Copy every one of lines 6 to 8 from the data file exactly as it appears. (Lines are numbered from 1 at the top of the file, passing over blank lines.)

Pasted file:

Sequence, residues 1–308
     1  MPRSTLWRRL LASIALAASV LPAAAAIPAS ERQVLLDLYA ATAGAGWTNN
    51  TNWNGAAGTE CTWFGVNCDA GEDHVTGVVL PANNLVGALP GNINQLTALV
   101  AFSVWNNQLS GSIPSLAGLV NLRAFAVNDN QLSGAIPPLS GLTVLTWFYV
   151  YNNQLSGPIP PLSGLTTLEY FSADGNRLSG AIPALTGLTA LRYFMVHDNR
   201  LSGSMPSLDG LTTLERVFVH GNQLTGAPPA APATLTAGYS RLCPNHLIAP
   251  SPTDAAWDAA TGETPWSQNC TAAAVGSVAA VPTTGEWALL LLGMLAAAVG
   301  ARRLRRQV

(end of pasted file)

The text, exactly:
   201  LSGSMPSLDG LTTLERVFVH GNQLTGAPPA APATLTAGYS RLCPNHLIAP
   251  SPTDAAWDAA TGETPWSQNC TAAAVGSVAA VPTTGEWALL LLGMLAAAVG
   301  ARRLRRQV